Explainer: what will airport testing mean for international travel?

ireland
Drive-through testing began at Dublin Airport today.
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Muireann Duffy

Covid-19 testing centres are now operating at three Irish airports after a drive-through testing facility opened at Dublin Airport this morning.

This comes after similar testing centres were established at Cork and Shannon airports last week.

It is hoped that airport testing will allow for greater levels of international travel, particularly with the adoption of the EU's traffic light system, with test results able to be given prior to departure.

Here's everything you need to know about the airport testing.

Who is responsible for these tests?

Irish company RocDoc and Randox are responsible for the testing at the three centres.

RocDoc previously supplied field hospitals for events, such as the Isle of Wight Festival, but moved to operating express turnaround testing facilities due to the pandemic.

According to RocDoc, LAMP and PCR Covid-19 tests which are approved by the Health Products Regulatory Authority (HPRA) are available, with prices starting at €129 per test.

What's the difference between a LAMP and PCR test?

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Both LAMP and PCR are types of tests used to determine whether a person has Covid-19, using a swap to take a sample from the back of the throat or inside the nose.

PCR tests have been widely used for over 20 years and detect traces of viral RNA in the sample. They tests are very sensitive and can produce results within three to four hours.

LAMP is a newer technology and is described as 'highly specific', requiring the sample to come into contact with that same viral RNA in order to trigger a positive test result.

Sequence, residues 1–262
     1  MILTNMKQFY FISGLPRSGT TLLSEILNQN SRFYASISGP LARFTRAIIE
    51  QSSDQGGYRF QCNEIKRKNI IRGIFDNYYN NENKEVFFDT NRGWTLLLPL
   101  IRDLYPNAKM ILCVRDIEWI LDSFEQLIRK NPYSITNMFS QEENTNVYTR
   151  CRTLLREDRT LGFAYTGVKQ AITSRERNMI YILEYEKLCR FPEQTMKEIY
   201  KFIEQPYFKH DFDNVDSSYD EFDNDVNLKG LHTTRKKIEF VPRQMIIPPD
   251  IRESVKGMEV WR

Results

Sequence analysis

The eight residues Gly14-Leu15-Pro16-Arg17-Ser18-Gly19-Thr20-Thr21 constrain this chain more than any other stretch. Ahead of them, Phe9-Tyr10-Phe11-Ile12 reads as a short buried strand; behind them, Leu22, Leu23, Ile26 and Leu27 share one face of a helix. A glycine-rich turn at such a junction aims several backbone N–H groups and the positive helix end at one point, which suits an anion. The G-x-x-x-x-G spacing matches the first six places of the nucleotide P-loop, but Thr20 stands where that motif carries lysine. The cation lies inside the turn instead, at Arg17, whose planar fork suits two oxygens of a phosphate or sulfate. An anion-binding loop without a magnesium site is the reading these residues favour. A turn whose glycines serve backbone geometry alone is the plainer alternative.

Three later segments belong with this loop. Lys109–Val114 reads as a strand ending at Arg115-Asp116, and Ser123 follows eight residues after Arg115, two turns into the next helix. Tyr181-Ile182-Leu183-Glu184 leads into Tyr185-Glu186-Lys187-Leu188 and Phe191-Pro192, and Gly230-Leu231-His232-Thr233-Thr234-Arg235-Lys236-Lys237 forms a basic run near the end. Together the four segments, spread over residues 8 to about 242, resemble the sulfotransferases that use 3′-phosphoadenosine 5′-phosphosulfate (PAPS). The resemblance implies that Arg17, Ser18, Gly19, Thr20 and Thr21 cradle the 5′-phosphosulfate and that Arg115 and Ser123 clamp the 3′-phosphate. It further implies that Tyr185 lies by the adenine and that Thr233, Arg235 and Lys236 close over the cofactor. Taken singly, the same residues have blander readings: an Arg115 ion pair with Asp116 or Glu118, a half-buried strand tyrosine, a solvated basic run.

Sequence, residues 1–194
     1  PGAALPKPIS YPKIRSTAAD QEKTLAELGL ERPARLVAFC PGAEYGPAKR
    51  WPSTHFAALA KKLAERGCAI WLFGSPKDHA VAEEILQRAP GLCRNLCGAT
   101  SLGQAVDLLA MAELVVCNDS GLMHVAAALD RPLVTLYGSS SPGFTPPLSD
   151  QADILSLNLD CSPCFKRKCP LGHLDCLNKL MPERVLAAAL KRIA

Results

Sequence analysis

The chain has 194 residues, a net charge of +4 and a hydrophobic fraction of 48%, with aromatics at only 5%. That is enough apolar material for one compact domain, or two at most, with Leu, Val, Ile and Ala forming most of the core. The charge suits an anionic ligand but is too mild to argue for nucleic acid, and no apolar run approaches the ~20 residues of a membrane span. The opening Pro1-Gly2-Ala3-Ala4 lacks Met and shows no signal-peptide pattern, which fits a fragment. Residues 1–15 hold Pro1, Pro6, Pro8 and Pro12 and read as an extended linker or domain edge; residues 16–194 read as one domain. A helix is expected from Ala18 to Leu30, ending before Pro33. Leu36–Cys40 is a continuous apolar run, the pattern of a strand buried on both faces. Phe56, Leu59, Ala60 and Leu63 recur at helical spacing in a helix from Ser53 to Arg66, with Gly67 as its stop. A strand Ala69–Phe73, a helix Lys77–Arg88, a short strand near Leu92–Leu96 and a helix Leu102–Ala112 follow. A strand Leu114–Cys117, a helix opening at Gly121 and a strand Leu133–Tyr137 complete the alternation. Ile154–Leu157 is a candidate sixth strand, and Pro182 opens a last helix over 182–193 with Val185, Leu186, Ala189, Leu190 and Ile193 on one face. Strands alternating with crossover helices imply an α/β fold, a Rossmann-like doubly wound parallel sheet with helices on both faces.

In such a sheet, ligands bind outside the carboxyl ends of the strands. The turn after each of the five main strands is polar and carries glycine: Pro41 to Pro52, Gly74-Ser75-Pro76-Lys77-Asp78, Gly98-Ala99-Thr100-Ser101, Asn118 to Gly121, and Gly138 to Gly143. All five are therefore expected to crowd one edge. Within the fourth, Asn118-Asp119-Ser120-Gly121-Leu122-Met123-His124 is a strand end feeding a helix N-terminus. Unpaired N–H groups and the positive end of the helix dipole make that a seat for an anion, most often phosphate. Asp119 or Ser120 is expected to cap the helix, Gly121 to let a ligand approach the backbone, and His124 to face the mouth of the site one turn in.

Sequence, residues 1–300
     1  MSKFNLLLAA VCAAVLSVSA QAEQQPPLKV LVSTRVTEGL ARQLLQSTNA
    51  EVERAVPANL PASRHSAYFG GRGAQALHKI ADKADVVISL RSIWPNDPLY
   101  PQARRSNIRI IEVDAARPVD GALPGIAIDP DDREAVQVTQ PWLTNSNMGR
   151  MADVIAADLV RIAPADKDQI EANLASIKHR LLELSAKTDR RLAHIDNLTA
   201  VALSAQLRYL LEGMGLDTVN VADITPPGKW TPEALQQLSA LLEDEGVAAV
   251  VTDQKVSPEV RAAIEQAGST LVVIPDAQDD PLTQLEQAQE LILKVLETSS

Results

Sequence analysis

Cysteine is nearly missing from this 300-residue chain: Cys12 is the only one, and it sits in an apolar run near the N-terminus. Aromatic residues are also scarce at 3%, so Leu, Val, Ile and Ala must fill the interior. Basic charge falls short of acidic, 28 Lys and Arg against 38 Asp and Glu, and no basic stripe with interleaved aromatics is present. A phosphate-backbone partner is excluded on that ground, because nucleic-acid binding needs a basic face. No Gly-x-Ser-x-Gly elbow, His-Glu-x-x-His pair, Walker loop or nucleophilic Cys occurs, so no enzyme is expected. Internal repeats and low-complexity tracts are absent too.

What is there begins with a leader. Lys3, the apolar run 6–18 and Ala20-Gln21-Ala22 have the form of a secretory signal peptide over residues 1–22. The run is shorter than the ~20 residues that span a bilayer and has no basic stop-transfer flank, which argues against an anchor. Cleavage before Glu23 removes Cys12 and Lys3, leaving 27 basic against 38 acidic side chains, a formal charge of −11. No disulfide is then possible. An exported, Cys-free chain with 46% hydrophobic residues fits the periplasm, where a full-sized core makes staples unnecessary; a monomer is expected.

LAMP tests offer a quicker turnaround of results but if the swab is taken from an area that is not infected, or if it is too early or too late in the infection cycle, the test may not detect the virus.

For this reason, PCR tests are currently the preferred method.

Can I only get a test if I'm travelling through the airport?

No. The three facilities are also offering tests to the general public.

People wishing to avail of testing services must pre-book before being tested.

Currently, the centres in Dublin, Shannon and Cork are drive-through facilities, meaning people check-in and are tested in their vehicles.

A second, walk-in centre is also expected to open at Dublin Airport next week.

How do I book a test?

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In order to book a test at any of the three locations, you must first fill-in the form on the RocDoc website where you can also see what time slots are available at each of the centres.

A headshot is required as part of the booking process to verify the right person shows up for the test.

In Cork and Shannon, the centres can test up to 75 people per hour, with the ability to increase this number if needed and the on-site labs can process up to 1,500 tests a day.

In Dublin, the DAA have said the daily capacity of the two centres there will be 12,000, with plans to increase it to 15,000.

Does this mean I can fly wherever I want?

Not exactly. The current guidance remains that all but essential travel should be avoided.

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Also, different countries have different rules in place regarding passengers entering, so best to check the specifics of that country if you do need to travel.

Some have put mandatory isolation periods in place, while others require a negative test. Some countries have even specified what type of Covid-19 test is required, PCR or LAMP.

For European countries signed up to the EU traffic light system, passengers from orange regions must supply a negative test taken no more than three days before arrival in order to avoid having to restrict their movements.

Passengers from green regions are not required to isolate, while people arriving in Ireland from red regions after November 29th will be able to stop restricting their movements after five days if they have a negative PCR test.

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